Israeli military forces have demolished a recently-built Palestinian primary school in the Masafer Yatta region of the southern occupied West Bank, where residents are facing the ongoing threat of eviction from their homes and forced displacement in one of the single biggest expulsion decisions since the Israeli occupation of Palestinian territories began in 1967.
Witnesses and local officials said Israeli army raided the area on Wednesday morning and demolished Asafat, a boys' and girls' school, in the village of Asafat al-Fawqa.
Footage taken by Israeli activist Itai Feitelson before the demolition shows teachers helping young Palestinian students out of a classroom window, while Israeli forces are standing outside.
Dozens of Israeli soldiers then cordoned off the area around the school, and a bulldozer flattened it shortly afterwards.
The official Palestinian news agency Wafa reported that Israeli forces confiscated the school's stationery, tables and chairs before flattening the building.
A picture published afterwards by Israeli rights group B'Tselem showed a pile of debris, where the school once stood on a hill.
The Asafat school used to serve the Palestinian residents of the communities of Asafat al-Fawqa, Asafat al-Tahta, Maghayer al-Ubaid and Tuba.
According to the Norwegian Refugee Council, the so-called Israeli High Court of Justice revoked on Wednesday an interim injunction freezing a demolition order against the school.
COGAT, the Israeli military body responsible for administrative affairs in the occupied West Bank, alleged that the school had been built illegally in an area designated as a closed firing zone.
The Palestinian Ministry of Education stated the demolition was “a heinous crime.”
“These practices have become a flagrant violation of students' right to safe and free education,” the statement read.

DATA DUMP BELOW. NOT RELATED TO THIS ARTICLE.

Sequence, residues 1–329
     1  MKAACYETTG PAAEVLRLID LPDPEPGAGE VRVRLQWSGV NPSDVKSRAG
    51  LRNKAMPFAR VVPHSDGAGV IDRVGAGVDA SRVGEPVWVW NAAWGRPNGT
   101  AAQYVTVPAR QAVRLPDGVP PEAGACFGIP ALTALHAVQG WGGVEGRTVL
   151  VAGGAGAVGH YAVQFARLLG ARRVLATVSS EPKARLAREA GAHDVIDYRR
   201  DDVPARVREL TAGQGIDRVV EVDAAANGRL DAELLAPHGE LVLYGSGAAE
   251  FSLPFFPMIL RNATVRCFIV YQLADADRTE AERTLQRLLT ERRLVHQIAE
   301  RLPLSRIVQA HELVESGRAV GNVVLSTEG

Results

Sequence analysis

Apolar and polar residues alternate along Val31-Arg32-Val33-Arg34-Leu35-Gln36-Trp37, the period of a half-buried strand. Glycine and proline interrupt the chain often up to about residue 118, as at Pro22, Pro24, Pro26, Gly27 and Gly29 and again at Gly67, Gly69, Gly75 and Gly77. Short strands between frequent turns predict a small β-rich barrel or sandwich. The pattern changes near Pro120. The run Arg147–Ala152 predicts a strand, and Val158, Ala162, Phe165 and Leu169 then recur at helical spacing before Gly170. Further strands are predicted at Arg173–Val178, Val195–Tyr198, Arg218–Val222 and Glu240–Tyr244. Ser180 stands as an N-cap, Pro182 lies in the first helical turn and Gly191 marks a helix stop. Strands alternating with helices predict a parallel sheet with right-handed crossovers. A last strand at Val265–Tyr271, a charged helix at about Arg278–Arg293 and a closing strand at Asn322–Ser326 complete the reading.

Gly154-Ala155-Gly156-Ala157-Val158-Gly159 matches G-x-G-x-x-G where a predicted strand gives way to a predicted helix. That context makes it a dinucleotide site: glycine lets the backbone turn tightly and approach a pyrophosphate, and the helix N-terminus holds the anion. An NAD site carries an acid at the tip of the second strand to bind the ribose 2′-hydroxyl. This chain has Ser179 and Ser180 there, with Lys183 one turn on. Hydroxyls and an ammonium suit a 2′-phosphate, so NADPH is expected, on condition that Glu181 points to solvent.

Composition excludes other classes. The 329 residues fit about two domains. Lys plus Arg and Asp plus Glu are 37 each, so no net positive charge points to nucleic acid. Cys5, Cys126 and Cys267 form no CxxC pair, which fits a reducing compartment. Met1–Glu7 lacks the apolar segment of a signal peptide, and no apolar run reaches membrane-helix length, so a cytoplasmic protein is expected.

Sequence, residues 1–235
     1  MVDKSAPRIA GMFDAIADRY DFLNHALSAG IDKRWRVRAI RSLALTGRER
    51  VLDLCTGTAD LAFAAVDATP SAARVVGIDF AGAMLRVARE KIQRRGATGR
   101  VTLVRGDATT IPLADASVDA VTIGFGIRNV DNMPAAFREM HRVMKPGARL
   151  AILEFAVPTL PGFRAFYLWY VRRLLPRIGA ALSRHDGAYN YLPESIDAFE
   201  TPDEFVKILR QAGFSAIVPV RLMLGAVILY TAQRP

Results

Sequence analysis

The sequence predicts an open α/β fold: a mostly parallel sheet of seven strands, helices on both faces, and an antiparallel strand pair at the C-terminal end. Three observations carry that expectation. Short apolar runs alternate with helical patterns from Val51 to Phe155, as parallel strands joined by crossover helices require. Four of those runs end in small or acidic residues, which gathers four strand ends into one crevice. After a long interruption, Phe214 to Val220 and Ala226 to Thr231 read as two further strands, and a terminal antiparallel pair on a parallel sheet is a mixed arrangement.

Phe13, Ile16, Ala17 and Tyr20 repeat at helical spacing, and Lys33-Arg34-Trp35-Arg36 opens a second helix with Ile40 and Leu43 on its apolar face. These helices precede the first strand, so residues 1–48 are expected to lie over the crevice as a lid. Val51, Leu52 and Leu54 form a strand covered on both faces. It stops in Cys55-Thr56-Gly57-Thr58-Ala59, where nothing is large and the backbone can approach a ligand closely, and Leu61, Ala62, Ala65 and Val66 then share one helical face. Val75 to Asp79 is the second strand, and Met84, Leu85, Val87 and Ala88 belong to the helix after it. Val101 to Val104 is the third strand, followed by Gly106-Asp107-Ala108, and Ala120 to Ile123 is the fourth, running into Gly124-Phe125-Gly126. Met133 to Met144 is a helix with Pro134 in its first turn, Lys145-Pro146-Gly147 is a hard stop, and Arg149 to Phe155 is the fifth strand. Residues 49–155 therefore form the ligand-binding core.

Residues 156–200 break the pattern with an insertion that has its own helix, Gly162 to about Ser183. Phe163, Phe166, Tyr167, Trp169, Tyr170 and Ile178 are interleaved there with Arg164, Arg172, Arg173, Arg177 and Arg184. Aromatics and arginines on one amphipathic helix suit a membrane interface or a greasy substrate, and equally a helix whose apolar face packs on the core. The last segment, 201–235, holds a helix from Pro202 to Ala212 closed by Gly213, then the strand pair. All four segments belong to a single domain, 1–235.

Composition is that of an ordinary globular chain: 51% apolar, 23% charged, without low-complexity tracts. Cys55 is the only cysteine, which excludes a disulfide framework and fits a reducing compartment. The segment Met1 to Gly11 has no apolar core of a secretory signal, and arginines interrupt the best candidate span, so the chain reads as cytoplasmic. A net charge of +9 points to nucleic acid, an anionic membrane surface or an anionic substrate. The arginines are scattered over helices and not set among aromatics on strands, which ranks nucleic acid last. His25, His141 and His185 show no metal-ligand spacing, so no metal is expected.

The ministry said that dozens of Palestinian students in Masafer Yatta now had no school to attend.
Fouad al-Amour, an activist from Masafer Yatta, said students could miss out on school as the closest schools are 2 kilometers and 4 kilometers away and movement of Palestinians in the area is highly restricted by the Israeli army.
“The timing was chosen strategically, as we're entering the winter season and it would be difficult to rebuild. This is going to be a bigger catastrophe for the students,” Amour said.
“We will try what we can to rebuild, but we know the Israeli authorities play the thieves and the judges at the same time,” he noted.
Israeli officials claim that the Masafer Yatta villagers have no rights to the land, designated as Firing Zone 918, since it is to be used for military exercises, in which the presence of civilians is prohibited.
According to the Geneva conventions pertaining to humanitarian treatment in war, it is, however, illegal to expropriate occupied land for purposes that do not benefit the people living there, or to forcibly transfer the local population.
Masafer Yatta residents and Israeli rights groups say that many of the Palestinian families have been permanently residing in the 3,000 hectares (7,400 acres) area since before Israel captured the West Bank, in the 1967 Middle East War, and that their eviction would constitute a breach of international law.